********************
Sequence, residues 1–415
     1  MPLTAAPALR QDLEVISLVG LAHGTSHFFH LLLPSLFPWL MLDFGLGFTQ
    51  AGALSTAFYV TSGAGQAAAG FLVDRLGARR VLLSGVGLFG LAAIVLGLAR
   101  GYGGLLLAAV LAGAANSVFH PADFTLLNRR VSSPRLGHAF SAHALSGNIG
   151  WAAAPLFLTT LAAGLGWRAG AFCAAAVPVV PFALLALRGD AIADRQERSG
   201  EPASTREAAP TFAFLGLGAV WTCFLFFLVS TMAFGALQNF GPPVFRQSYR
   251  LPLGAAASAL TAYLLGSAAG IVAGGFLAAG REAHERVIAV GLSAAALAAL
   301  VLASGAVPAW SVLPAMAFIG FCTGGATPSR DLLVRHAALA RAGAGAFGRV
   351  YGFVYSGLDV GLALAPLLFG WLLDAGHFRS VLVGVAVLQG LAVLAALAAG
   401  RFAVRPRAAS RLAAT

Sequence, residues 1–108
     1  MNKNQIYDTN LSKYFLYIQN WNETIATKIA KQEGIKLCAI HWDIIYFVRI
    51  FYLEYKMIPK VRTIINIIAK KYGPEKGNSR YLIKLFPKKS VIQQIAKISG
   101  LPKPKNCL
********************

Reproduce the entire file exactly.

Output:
Sequence, residues 1–415
     1  MPLTAAPALR QDLEVISLVG LAHGTSHFFH LLLPSLFPWL MLDFGLGFTQ
    51  AGALSTAFYV TSGAGQAAAG FLVDRLGARR VLLSGVGLFG LAAIVLGLAR
   101  GYGGLLLAAV LAGAANSVFH PADFTLLNRR VSSPRLGHAF SAHALSGNIG
   151  WAAAPLFLTT LAAGLGWRAG AFCAAAVPVV PFALLALRGD AIADRQERSG
   201  EPASTREAAP TFAFLGLGAV WTCFLFFLVS TMAFGALQNF GPPVFRQSYR
   251  LPLGAAASAL TAYLLGSAAG IVAGGFLAAG REAHERVIAV GLSAAALAAL
   301  VLASGAVPAW SVLPAMAFIG FCTGGATPSR DLLVRHAALA RAGAGAFGRV
   351  YGFVYSGLDV GLALAPLLFG WLLDAGHFRS VLVGVAVLQG LAVLAALAAG
   401  RFAVRPRAAS RLAAT

Sequence, residues 1–108
     1  MNKNQIYDTN LSKYFLYIQN WNETIATKIA KQEGIKLCAI HWDIIYFVRI
    51  FYLEYKMIPK VRTIINIIAK KYGPEKGNSR YLIKLFPKKS VIQQIAKISG
   101  LPKPKNCL